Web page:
“With that said, while I think it’s useful for me to have diverse characters in my writing, I also think it’s even more useful for publishing to have diverse writers. This is not just because of some box checking sensibility but because other writers tell stories, create characters and interrogate writing in ways I would never think to. I’m a pretty good storyteller, folks. But my way of storytelling isn’t the only way it gets done. As a reader I like what I like, but I also like finding out about what I didn’t know I’d like, and I even occasionally like reading something and going “wow, that was so not for me but I get that it’s for someone.”
This is relevant because even when I write diverse characters, they get filtered through me, and while that’s fine and I think necessary, in a larger sense it’s not sufficient. I’m not running me down here. I give good character. But as a writer I know where my weaknesses are. Some characters I will likely never explore as deeply as they could be explored by other writers, because I am not able to write those characters as well as others could. I strive for diversity in my writing. But my writing won’t ever reflect the diversity that literature in general should be capable of. You need writers whose lives are not like mine for that.”

“she has won her heart’s desire; she has unwearying strength and endless days like a goddess. but length of days with an evil heart is only length of misery and already she begins to know it.”

deep inside our hearts we know, that You are here and we will not lose hope

I woke up this morning with a terrible sadness (that stands apart from me having to be off Facebook for a month). 

There are days when things feel extra broken, and while there seem to be people and resources enough for Something Good to happen, it also honestly feels like we have grown far too used to the little pods that trap us in funny orbits.

“the tension’s right here

between who you are and who you could be

between how it is and how it should be”

– Switchfoot, Dare You To Move

“And the Witch tempted you to do another thing, my son, did she not?”

“Yes, Aslan. She wanted me to take an apple home to Mother.”

“Understand, then, that it would have healed her; but not to your joy or hers. The day would have come when both you and she would have looked back and said it would have been better to die in that illness.”

And Digory could say nothing, for tears choked him and he gave up all hopes of saving his Mother’s life; but at the same time he knew that the Lion knew what would have happened, and that there might be things more terrible even than losing someone you love by death. But now Aslan was speaking again, almost in a whisper:

“That is what would have happened, child, with a stolen apple. It is not what will happen now. What I give you now will bring joy. It will not, in your world, give endless life, but it will heal. Go. Pluck her an apple from the Tree.”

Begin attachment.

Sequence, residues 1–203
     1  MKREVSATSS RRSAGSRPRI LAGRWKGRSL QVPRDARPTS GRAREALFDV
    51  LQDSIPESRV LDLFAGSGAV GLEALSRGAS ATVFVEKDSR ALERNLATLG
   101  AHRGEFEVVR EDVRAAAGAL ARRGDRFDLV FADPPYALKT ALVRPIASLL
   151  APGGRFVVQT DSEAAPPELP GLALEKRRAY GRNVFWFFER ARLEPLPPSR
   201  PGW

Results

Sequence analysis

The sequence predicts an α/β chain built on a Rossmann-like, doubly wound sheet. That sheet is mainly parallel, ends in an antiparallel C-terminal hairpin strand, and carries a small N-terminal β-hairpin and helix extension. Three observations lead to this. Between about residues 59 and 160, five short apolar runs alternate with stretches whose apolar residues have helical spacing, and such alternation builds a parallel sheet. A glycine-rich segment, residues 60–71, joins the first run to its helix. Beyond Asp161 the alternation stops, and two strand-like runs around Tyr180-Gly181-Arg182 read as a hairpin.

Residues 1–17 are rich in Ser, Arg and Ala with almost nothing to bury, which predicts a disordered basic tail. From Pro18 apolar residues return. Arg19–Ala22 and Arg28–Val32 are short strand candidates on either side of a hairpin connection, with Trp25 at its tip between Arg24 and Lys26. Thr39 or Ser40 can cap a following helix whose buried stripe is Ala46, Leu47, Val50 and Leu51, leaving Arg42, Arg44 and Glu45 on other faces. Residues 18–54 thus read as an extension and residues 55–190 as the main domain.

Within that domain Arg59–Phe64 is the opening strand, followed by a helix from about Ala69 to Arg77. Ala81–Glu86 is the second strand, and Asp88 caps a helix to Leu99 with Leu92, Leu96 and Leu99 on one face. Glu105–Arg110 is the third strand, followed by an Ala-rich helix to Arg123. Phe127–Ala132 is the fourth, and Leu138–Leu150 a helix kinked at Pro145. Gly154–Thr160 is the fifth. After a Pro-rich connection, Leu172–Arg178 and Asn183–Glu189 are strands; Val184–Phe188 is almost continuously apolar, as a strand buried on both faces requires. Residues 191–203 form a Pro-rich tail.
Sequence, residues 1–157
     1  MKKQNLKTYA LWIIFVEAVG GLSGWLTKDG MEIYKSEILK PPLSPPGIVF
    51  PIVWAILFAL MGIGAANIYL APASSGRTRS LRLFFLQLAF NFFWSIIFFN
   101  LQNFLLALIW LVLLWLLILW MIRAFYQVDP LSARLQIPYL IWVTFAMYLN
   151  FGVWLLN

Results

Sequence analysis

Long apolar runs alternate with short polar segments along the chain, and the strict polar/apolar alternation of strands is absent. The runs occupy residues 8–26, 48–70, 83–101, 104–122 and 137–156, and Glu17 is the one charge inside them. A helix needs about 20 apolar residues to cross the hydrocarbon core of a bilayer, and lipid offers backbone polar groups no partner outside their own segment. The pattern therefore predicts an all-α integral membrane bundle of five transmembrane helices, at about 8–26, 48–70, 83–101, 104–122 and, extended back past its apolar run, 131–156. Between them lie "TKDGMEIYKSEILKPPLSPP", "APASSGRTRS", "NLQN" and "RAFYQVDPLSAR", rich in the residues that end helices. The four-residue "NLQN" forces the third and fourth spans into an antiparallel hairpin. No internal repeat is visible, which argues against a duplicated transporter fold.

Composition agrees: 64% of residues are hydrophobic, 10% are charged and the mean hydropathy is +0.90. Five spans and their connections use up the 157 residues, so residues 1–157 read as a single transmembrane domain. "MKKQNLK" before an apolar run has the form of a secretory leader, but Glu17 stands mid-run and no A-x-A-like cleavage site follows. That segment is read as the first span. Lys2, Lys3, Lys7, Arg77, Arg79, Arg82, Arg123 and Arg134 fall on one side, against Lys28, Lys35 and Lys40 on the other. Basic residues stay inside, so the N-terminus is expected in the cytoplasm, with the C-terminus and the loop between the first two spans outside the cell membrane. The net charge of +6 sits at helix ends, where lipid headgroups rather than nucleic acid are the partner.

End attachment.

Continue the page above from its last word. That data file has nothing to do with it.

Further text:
For a second Digory could hardly understand. It was as if the whole world had turned inside out and upside down. 

everything it changed overnight

this dying world, you brought it back to life

and deep inside i felt things shifting, everything was melting away

you gave us the most beautiful of days”

– Relient K, In Like A Lion

This was a much-needed read for me.

1. Pharisees know what to say, but do not do what they say.

Jesus says, “They preach, but do not practice. They tie up heavy burdens, hard to bear, and lay them on people’s shoulders, but they themselves are not willing to move them with their finger” (Matthew 23:3–4). Beware the dissonance between what you say you believe and the reality of how you live, and refuse to make peace with it.

We are all sinners, so there will be always be some dissonance (1 John 1:8). We are always repenting this side of glory. But look closely at any consistent or reoccurring departure — in spending and giving, in serving, in relating to your spouse or children, in loving your neighbor, in indulging in secret sin.

What excuses do you make for the sins that entangle you? The Pharisees were happy to point out sin in others, and even happier to excuse it in themselves.

Who, Manatee?

I left work early today to take a twenty minute stroll down to Lesterville (also Llao Llao ville), and on my misguided and winding trek there I chanced upon a street soccer court with night lights and nice green netting plonked right between the Fullerton and the Singapore Gal.

That made me think about my left knee, and how it is now held together by cardboard ligaments and a vanishing patella, and how that is probably the result of persistent overcompensation for my right ankle, which still sags at its seams from a stray soccer kick that it swallowed some 6 (wow) years ago. 

So I felt sorry for myself for a bit, then I looked out at the river and the unblinking night sky speckled with city lights and felt better.

“Christianity, then, saw the battle for human virtue as no longer one of head versus heart (becoming more rational), nor mind over matter (getting more technical mastery over the world). The battle was over where to direct the supreme love of your heart. 

Will it be toward God and your neighbor, no matter who that neighbor is? Or will it be toward power and wealth for yourself and your tribe?”